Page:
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Estonian Genome Project moves forward with funding
  
By
Edward R. Winstead


 

Funding has been secured to launch a pilot study for the Estonian Genome Project, whose goal is to create a national database of genetic and health information within five years through the voluntary participation of the Estonian people. The pilot study will be used to evaluate the overall feasibility of the larger project and will focus on specific issues such as the quality and security of the data collection.


Flag of Estonia

For the pilot study, researchers will collect tissue samples and health information from 10,000 volunteers in three Estonian counties: Saare, Lääne-Viru and Tartu. The cost of the study is 2.5 million US dollars. Funds will be used to create research laboratories, facilities for storing tissue samples, and computer resources necessary for managing the gene bank, as well as pay for the collection of information.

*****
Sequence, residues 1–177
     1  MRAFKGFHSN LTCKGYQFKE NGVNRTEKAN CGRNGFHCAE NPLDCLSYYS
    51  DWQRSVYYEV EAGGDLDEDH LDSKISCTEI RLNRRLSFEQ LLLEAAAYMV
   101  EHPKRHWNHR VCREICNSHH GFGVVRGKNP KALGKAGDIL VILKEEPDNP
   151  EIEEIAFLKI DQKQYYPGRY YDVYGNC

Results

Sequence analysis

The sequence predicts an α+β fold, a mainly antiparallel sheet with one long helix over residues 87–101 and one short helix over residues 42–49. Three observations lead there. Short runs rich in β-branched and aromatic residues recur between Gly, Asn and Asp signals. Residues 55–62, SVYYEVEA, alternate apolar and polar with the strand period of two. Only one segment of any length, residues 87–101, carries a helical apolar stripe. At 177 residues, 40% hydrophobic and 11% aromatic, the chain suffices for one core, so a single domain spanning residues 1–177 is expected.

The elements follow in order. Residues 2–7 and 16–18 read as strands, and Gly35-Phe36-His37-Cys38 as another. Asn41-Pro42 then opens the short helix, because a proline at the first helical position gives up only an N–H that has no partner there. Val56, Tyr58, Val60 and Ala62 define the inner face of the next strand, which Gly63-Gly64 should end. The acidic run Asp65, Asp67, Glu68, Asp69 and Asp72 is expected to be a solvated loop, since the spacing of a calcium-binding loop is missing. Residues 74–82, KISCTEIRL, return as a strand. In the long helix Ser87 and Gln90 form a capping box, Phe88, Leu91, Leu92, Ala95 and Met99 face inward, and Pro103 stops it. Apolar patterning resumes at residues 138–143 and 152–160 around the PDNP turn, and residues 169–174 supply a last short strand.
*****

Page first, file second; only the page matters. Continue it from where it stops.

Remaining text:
The Estonian Genome Project Foundation, a non-profit organization that oversees the project, has until now received mostly public money. The pilot study will be financed largely by investors of EGeen International, a US corporation, according to a statement by the Foundation. Agreements regulating the implementation and financing of the new project were signed on December 31, 2001. In accordance with the agreement, EGeen has made the first of five payments for the pilot study.

See related GNN article
»Give and Take—Estonia's New Model for a National Gene Bank

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Estonian Genome Project concluded financing agreements. Press release, Estonian Genome Project Foundation, January 2, 2002.
 

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